Previously, we talked about how we can create a jumplist in WP8.1 to looks and act as closely as possible to the native experience. There’s a lot of styles and templates to get you going that I have available along with a sample project. Now, you can take this further by using templates that look and act like the ones found in various lists used in the OS.
I’ve created the DataTemplates that looks like items found in various system apps like Messaging, People, and Internet Explorer that you can just drop into your ListViews, LongListSelectors, or other list controls. I’ve made both WP XAML and Silverlight versions of the templates so the layouts and text behaviors are correct and ready to be used out of the gates. Just update the bindings so your data show up properly and you’re good to go. The colors of the text mirror whatever list I based the templates on but they don’t need to stay that color so feel free to modify the templates as needed.
Head over here to get the templates and check out the screenshots to see what you’re getting before you drop them into your lists’ ItemTemplate.
Recently, I’ve updated my custom templates to improve upon the Pivot and Hub project templates by making them more consistent with system UI. Today, I’ve added two additional item templates and one new project templates.
I’ve created a HubPage and PivotPage item template for WP8.1 XAML apps that contains a Hub control and Pivot control respectively. Both are styled correctly for accurate WP8.1 UX and barebones so you can add whatever you want to the Hubs and Pivot pages. The shipped WP8.1 templates do not include a HubPage or PivotPage template so this should make it easier to add those types of pages to your project.
Along with the item templates, a Blank app project template is included. I’ve added this because it has the Pivot styles in the App.xaml application resources. This makes it so you don’t have to worry about adding those correct styles later on if you decide to use a Pivot in your app.
I highly suggest you download and install the correct templates so your apps can look as consistent and polished as possible going forward. I recommend overwriting older versions of my templates if you’ve installed them before.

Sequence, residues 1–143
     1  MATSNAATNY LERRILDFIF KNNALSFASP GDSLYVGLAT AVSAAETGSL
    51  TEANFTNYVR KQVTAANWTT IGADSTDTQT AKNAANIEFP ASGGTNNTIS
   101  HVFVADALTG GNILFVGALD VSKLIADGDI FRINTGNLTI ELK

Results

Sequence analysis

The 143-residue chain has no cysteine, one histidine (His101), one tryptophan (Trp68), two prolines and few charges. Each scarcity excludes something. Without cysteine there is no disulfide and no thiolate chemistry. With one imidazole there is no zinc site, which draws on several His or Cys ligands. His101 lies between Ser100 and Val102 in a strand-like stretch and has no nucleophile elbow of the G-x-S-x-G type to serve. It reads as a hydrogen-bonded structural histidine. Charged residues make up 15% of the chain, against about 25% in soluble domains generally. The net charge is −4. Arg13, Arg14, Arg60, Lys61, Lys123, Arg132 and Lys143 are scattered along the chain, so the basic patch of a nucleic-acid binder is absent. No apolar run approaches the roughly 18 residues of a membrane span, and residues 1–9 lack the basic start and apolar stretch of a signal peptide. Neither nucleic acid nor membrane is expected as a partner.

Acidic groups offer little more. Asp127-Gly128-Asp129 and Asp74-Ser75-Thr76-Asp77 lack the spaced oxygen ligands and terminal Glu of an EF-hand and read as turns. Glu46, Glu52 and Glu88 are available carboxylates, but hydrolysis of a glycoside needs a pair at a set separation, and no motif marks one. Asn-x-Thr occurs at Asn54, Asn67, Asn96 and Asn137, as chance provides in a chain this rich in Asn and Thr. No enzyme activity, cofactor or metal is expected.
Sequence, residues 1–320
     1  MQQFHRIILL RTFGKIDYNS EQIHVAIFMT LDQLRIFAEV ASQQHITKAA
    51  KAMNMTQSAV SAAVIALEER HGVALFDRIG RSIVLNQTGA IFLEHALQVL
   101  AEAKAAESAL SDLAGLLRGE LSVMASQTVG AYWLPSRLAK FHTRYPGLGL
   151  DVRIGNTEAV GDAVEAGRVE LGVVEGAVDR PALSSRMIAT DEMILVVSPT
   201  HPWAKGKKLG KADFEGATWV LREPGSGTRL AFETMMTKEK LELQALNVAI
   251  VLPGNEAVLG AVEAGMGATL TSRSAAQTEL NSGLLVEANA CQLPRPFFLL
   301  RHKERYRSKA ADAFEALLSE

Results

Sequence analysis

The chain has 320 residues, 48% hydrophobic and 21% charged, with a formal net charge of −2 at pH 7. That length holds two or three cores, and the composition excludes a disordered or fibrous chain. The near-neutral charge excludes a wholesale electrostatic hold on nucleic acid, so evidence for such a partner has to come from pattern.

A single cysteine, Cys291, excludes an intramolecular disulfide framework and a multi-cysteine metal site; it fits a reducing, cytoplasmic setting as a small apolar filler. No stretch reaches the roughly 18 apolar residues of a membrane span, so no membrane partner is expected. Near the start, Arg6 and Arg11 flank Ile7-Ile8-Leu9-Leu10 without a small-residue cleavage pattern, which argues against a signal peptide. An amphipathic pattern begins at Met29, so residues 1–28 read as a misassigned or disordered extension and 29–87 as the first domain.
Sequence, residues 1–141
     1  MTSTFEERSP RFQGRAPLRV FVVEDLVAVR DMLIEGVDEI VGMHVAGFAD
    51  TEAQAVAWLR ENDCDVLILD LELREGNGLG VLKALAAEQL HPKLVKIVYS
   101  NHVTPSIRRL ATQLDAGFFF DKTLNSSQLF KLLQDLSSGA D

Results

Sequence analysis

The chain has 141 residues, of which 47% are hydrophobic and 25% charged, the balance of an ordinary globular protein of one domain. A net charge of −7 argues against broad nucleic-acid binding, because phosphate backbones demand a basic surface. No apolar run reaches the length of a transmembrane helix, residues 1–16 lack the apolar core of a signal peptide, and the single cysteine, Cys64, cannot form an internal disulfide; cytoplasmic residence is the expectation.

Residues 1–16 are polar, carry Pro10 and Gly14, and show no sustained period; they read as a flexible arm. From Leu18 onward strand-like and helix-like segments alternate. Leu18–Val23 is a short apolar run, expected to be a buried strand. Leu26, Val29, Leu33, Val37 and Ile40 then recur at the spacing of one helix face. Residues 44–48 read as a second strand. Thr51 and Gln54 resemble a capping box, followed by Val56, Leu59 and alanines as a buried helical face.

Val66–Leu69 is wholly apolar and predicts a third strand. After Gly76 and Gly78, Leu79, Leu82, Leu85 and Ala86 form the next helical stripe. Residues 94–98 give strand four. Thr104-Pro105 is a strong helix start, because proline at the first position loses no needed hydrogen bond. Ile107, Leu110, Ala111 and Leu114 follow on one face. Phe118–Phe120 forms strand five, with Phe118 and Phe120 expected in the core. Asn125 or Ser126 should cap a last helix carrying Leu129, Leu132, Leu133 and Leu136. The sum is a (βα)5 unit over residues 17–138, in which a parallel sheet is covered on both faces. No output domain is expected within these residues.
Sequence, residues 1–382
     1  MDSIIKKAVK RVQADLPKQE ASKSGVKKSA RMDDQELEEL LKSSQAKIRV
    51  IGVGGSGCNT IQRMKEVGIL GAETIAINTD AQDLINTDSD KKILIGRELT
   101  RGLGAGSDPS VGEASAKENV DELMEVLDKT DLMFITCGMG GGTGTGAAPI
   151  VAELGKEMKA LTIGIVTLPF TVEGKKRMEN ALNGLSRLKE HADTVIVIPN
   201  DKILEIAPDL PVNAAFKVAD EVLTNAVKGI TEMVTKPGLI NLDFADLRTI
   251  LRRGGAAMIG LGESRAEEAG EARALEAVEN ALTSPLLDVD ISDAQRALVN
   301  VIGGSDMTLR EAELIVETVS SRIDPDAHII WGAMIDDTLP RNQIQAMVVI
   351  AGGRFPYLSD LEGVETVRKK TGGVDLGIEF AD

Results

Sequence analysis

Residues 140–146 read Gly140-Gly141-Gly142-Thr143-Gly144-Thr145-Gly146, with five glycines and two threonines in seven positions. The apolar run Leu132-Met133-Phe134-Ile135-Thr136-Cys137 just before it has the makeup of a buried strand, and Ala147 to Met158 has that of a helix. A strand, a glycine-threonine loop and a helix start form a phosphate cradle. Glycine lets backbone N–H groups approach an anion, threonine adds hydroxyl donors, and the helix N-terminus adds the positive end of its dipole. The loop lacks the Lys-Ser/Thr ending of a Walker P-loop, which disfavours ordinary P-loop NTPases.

I’ve updated my collection of templates for Windows Phone 8.1 apps with two new templates. I’ve corrected most if not all of the UX issues with the shipped Visual Studio 2013 Update 2Rc for the “Hub App (Windows Phone)” and “Pivot App (Windows Phone)” templates. The changes mainly involves margin changes and continuum animation fixes.
Download and install the correct templates here. It’s recommended to just overwrite older versions of my templates.
Here are some of the most common oversights when designing a Windows Phone app. Eliminate these isues in your apps and not only will it look more aesthetically pleasing and professional, it’ll might even get you a few more stars in the Windows Phone Store reviews. Continue reading
You’re writing a WP8.1 XAML app and you’re looking for some kind of jumplist control. Well, you won’t find one and the LongListSelector is nonexistent unless you go back to using Silverlight. So read on if you want to create a proper jumplist experience with the proper Windows Phone UX.
Update: The contents of this post have been updated in Part 2 called “Making WP8.1 JumpLists Better” and most if not all of the resources have changed. This post will not be updated for historical purposes but the Sample Solution and Resources will reflect the most up to date implementation of the JumpList.
IMPORTANT: While these posts about JumpLists are super informative, I highly recommend checking out my JumpList controls in my QKit library and download them from nuget. QKit includes ready-to-use controls like the AlphaJumpList control so you don’t have to deal with the headaches of implementing it from scratch along with several other useful controls. You can also view the source code on http://qkit.codeplex.com/.
Whether you’re creating a Windows Phone app for the first time or for the fiftieth time, chances are you’re going to use the project and item templates built into Visual Studio as a starting point. That’s what they’re there for: to give you a trust-worthy starting point form which you can build your apps. So why do they look like something’s off?
Update 1: Included section for Pivots having improper style.
Update 2: Current version of Visual Studio 2013 Update 2 now have a more correct looking set of templates. However, there are still some issues that have not been fixed. One example is Pivots having wrong margins and character spacing. My corrected templates still are the closest you can get to a native look and feel so feel free to download them. Continue reading
I am simply known as Q and I am here as your guide through the world of app design for Windows Phone. I’ve spent years working with C#/XAML but my passion is in Windows Phone’s Modern (formerly known as Metro) UI. Here, I can share my discoveries, experiences, and solutions when designing a Modern UI app. Continue reading